BBB Scam of the Week: FBI, FCC, FTC warn ‘Threat robotexts’ to replace robocalls
FOR IMMEDIATE RELEASE
Cincinnati, Ohio (Friday, Aug. 12, 2022) — It happens. Some strange message shows up in your texts from a number that you just don’t recognize. “Hi, I’m not going to be able to see you today. Can we meet up some other time?” or “Hey, what are you doing?” These are conversations just begging for an answer and perhaps you respond with a polite, “sorry wrong number” or even get a name from the sender and start chatting with them. That might not be a good idea.
The trouble is if you do respond, the sender may start coaxing you into a cryptocurrency investment scam. Here’s how it works. The owner of the unknown number will send an innocent but conversational message hoping the recipient will respond. If they do, they’ll strike up a casual, short conversation before working into the conversation. They are a consultant or advisor involving cryptocurrency. Then, they’ll send a link for you to send small amounts of crypto. Next, they’ll make a withdrawal to prove that the system is real and encourage you to invest more. By the time the scam is realized, thousands of dollars are gone.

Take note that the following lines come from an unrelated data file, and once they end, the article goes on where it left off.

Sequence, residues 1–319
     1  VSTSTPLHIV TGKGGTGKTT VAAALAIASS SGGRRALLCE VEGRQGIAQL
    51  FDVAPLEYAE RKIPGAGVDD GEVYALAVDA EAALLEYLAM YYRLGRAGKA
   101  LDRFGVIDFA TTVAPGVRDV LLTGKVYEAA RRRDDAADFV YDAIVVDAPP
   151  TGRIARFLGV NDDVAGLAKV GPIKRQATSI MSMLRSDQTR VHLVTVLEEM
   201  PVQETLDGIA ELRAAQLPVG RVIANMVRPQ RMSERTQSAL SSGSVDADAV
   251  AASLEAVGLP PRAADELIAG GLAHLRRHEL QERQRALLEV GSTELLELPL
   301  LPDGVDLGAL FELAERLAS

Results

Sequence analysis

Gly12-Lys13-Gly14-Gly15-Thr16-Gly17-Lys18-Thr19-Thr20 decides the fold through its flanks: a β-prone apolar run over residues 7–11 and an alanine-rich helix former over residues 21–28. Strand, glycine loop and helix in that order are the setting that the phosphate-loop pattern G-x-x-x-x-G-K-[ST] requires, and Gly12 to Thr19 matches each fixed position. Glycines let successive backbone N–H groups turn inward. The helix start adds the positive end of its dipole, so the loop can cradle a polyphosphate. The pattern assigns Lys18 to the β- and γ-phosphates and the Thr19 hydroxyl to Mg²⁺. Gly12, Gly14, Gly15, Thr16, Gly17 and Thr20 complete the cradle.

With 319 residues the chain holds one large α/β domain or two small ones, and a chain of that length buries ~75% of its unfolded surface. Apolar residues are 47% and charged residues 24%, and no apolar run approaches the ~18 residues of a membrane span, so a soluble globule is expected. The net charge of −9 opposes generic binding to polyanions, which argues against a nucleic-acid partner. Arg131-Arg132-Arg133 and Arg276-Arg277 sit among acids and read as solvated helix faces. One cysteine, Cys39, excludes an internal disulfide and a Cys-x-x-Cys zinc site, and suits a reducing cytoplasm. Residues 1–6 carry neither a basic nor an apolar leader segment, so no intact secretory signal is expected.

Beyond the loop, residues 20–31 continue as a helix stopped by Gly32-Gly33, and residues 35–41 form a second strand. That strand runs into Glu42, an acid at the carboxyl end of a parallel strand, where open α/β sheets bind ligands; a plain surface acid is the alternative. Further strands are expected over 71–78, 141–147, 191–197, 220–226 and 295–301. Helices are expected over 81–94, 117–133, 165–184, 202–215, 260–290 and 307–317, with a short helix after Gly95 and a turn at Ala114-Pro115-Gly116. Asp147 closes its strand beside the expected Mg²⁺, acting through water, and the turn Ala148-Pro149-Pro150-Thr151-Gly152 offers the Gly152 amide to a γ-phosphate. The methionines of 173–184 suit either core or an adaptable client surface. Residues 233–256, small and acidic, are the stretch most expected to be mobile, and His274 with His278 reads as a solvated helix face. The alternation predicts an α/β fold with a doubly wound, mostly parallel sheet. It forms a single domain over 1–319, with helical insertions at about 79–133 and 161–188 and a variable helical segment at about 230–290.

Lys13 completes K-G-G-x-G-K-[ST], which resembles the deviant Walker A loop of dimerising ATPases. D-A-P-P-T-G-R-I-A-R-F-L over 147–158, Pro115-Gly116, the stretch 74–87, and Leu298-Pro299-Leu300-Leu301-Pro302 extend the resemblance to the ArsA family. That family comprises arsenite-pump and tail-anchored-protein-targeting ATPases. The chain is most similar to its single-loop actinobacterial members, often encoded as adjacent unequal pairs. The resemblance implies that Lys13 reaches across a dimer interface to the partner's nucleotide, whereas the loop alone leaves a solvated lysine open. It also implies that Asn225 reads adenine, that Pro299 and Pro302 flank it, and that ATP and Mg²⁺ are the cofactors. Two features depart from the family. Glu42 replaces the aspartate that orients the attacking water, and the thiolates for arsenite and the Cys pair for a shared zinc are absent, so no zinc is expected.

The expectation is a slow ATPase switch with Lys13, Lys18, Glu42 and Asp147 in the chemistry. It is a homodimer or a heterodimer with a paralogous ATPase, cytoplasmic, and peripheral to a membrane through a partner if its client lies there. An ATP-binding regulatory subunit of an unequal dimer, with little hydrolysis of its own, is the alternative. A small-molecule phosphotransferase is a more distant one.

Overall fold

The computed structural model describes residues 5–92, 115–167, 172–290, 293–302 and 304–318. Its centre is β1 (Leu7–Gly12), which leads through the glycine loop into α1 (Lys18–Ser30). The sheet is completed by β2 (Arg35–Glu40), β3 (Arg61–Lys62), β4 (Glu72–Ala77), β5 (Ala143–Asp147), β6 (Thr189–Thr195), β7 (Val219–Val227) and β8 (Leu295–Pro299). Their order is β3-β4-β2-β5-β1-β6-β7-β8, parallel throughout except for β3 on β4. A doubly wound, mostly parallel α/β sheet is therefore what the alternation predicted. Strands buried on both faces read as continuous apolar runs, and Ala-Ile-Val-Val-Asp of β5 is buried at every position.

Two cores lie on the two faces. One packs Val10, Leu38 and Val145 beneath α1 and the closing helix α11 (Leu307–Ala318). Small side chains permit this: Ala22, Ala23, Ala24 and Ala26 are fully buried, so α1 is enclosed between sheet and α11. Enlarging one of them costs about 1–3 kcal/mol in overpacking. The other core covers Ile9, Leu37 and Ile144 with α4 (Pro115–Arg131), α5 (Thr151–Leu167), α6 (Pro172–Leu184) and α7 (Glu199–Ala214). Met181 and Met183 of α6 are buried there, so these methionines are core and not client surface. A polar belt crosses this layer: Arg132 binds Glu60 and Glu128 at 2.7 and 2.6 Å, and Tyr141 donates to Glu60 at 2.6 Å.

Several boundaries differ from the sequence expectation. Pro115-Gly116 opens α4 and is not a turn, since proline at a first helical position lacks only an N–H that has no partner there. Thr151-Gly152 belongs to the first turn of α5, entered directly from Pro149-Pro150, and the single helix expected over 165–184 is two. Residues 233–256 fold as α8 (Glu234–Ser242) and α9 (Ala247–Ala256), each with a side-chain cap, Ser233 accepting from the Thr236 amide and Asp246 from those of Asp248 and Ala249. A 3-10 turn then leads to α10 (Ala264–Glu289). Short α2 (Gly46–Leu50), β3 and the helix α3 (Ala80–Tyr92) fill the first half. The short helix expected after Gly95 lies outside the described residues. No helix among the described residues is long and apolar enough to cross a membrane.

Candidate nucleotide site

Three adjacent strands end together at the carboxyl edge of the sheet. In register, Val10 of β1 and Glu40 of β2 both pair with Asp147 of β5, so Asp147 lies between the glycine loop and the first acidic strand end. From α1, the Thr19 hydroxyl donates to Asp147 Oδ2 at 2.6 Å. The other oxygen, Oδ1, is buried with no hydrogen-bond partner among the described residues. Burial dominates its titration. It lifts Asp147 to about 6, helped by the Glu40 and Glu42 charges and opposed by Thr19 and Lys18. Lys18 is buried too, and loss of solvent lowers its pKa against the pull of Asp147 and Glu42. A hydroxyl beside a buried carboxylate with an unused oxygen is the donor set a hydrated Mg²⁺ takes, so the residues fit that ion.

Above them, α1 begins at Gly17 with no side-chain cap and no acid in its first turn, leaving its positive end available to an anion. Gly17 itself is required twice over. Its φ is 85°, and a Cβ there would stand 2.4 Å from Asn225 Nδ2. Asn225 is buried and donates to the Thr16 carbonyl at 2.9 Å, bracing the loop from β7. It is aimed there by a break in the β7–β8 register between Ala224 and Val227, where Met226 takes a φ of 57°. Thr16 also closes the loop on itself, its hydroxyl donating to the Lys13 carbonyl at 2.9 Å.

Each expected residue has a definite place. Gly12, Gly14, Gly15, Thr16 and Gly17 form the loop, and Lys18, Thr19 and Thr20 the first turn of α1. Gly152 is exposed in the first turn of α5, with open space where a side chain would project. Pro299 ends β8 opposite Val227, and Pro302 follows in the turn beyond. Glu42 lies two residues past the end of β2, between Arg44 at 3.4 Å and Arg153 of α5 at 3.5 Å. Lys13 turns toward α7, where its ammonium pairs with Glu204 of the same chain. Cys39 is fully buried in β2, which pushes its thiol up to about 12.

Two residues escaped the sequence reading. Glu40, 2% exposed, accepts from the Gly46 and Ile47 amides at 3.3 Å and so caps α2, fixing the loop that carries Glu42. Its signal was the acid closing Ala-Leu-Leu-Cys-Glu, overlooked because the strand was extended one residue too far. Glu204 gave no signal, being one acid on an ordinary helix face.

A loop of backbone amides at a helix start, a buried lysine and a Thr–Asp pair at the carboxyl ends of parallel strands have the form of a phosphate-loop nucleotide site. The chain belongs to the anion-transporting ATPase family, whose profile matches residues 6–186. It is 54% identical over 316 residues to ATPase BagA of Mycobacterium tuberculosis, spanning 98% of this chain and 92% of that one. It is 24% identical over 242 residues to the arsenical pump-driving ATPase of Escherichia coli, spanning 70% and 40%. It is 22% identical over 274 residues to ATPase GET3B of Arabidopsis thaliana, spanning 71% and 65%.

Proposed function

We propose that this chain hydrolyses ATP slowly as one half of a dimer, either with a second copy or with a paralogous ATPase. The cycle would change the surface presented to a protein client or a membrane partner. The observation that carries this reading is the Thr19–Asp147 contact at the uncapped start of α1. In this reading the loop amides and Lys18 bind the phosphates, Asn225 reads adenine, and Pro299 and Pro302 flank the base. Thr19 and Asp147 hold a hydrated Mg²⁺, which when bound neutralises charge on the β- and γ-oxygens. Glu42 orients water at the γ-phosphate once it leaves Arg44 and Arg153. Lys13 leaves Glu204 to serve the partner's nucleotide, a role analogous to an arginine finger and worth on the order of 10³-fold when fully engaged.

According to the Federal Trade Commission, it’s becoming more of a common practice and 2022 is on track to be the first year when more people have reported scammers’ contacting them by text rather than by phone. In fact, the FCC issued a warning about ‘threat robotexts.’ The FTC’s estimates for this year found that 6% of people who reported text message fraud actually lost money on them — those who do become victims can lose enormous sums of money. BBB reported cryptocurrency scams jumped from the seventh to second most riskiest scam in the 2021 Risk Report.
The FBI echoed the warning stating that since late last year, at least 244 people have lost a combined $42.7 million to such fake crypto investment scams. BBB recommends the following should you receive a text message from an unknown number:
- Ignore it: The sender’s are begging for interaction. Don’t respond, acknowledge, or do anything. Delete it and if they text again, continue to ignore it.
- If you spot a scam text, don’t reply. Some scammers will ask the recipient to text “STOP” or “NO” to opt out. In reality, the reply tells them they have a real, active phone number and could open you up to future attacks. If a text message seems suspicious, don’t reply. Block the number and erase the message.
- Report the scam: Contact the FCC: https://consumercomplaints.fcc.gov/hc/en-us and report it to BBB: BBB.org/scamtracker
- Maintain the smartphone or device software: Update your smart device OS and security apps. Consider installing anti-malware software.
- Review apps: Review text blocking tools in the mobile phone settings, available third-party apps, and the mobile phone carrier’s offerings.